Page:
This Public Ownership column, by CPO co-founder Neil Clark, appears in the Morning Star.
A People's Railway is just the ticket.
"Is there any point to which you would wish to draw my attention?"
"To the curious incident of the dog in the night-time."
"The dog did nothing in the night-time."
"That was the curious incident," remarked Sherlock Holmes.
Rather like the non-barking dog in Sir Arthur Conan Doyle's classic detective story Silver Blaze, the most curious incident regarding our three main parties manifesto promises on Britain's railways is not what they have said, but what they haven't said.
The Labour Party boasts of its commitment to "a new high-speed rail line linking North and South" and says it will "press ahead with a major investment programme in existing rail services." Labour will "encourage more people to switch to rail" and promises to "treble the number of secure cycle storage spaces at rail stations."
The Tories pledge to "reform our railways to provide a better focus on tackling problems that matter most to passengers, like overcrowding." They will "grant longer, more flexible franchises to incentivise private sector investment in improvements like longer trains and better stations."
The Lib Dems, meanwhile, promise a "rail renaissance, reopening closed railway lines and new stations and building a high-speed network to cut journey times to Scotland and the north of England."
Have you spotted something? Not one of our three major parties mentions the single most important measure that would improve our fragmented, unreliable and ludicrously expensive railway network - taking the entire network back into public ownership.
Seeing that over 70 per cent of the public want to bring back British Rail, you would have thought that at least one of our three leading parties would advocate such a measure.
But in the same way that the non-barking dog revealed to Sherlock Holmes the solution to the mystery of Silver Blaze, so the parties' reluctance to even discuss renationalisation reveals to us the sordid truth about British "democracy." Namely, that it isn't the people who decide what gets into party manifestos, but capital.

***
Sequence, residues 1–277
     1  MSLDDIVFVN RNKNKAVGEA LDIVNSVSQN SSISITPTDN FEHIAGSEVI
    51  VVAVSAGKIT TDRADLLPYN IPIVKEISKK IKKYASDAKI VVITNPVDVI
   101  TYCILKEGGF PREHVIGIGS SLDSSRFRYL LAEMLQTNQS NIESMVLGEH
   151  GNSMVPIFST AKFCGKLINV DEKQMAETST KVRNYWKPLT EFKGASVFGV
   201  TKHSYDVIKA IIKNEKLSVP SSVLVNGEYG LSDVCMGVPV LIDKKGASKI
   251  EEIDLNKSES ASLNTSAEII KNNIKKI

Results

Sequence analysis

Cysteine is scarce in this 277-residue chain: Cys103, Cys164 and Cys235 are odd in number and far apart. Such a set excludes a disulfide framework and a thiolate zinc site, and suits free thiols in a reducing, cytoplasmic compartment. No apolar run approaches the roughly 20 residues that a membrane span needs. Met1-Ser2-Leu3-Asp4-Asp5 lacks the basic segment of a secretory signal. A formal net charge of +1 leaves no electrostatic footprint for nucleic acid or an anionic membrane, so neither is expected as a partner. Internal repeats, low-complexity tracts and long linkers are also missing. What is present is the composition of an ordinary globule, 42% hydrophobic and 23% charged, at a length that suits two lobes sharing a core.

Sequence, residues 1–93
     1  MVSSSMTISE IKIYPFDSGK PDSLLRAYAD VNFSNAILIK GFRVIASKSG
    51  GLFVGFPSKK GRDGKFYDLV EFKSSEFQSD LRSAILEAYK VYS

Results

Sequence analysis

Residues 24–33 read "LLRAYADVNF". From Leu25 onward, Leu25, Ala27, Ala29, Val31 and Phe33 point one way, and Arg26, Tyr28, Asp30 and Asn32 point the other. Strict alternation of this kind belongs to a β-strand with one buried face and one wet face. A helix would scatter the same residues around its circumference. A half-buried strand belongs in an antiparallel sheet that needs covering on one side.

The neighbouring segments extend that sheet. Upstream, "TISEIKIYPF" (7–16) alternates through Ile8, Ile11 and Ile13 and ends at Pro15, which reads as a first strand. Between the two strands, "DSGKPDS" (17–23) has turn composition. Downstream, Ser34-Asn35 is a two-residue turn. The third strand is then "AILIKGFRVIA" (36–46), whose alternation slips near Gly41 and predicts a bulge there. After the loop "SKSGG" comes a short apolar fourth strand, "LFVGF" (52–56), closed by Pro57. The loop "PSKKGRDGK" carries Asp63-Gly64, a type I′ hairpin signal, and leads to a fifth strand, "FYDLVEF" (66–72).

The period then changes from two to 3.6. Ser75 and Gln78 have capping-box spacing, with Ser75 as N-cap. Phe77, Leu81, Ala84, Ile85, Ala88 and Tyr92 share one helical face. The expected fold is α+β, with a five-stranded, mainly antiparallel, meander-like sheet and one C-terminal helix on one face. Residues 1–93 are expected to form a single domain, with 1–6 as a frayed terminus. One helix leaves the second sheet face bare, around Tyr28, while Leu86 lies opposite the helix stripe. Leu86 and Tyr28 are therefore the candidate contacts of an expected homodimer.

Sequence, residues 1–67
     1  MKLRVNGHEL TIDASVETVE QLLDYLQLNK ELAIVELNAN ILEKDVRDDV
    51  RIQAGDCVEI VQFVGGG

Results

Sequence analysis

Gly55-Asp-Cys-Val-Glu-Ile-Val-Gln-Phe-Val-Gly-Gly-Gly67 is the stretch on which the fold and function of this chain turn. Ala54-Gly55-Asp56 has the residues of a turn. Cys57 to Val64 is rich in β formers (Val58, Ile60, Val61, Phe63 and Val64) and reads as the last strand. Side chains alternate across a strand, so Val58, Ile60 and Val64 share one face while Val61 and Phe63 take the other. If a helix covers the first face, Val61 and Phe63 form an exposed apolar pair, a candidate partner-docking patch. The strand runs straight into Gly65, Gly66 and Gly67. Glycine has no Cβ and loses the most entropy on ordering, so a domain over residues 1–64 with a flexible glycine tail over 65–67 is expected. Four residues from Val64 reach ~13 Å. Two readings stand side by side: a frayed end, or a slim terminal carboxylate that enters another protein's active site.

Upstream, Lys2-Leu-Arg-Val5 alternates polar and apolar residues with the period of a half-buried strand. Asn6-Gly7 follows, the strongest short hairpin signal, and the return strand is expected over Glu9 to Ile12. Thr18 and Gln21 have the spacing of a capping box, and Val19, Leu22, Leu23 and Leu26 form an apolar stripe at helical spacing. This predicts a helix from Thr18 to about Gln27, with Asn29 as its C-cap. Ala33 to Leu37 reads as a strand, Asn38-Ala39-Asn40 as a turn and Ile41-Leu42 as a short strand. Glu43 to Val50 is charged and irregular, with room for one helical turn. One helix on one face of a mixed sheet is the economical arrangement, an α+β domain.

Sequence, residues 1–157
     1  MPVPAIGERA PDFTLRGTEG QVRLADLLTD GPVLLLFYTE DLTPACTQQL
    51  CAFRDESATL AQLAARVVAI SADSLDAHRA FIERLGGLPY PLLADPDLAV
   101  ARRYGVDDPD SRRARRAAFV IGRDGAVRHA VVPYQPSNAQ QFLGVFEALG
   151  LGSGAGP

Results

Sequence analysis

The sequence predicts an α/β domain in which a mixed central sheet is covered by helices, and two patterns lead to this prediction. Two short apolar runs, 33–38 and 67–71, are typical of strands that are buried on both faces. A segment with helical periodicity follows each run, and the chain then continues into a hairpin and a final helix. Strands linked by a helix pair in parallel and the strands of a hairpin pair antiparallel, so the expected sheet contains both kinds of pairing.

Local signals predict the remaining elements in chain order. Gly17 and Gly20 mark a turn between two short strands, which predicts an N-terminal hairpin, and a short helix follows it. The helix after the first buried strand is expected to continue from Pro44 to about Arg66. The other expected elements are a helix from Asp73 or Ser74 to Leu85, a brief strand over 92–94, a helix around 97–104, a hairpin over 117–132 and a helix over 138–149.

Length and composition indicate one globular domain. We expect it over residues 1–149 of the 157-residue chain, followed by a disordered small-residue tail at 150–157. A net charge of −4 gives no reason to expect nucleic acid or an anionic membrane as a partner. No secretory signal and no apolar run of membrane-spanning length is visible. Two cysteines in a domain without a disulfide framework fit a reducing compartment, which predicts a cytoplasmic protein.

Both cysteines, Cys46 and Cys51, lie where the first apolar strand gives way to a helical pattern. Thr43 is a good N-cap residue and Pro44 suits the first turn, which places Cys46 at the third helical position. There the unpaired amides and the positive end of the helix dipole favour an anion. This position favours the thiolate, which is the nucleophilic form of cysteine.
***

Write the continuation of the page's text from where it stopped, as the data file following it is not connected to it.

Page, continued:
Let's look to Austria
The difference between how a publicly owned transport system and a privately owned one operates was graphically illustrated to my family and I on a recent journey back from Austria.
We were staying for a few days in a little town in the Alps. We took a train from the town to Salzburg's main railway station. The journey lasted two-and-three-quarter hours and cost just over 9 euros (£7.90) each. The train had plenty of free seats and we had legroom which seemed to be almost double the size of that we get on trains back home in Britain.
We then took a bus from Salzburg railway station to Salzburg airport, a 20-minute ride which cost 2 euros (£1.75) each. The train was punctual to the second, as was the bus.
Indeed, in all my journeys in Austria down the years I have never known a train or bus to be late, despite them sometimes having to deal with atrocious winter weather conditions.
How different to the way transport operates in privatised Britain.
On arriving back at our British airport, we were informed that the National Express coach to take us home would not be arriving as it had broken down. We, along with the other passengers, had to wait another 25 minutes before another coach, picked us up to take us to Luton airport, from where we had to change to get on yet another coach.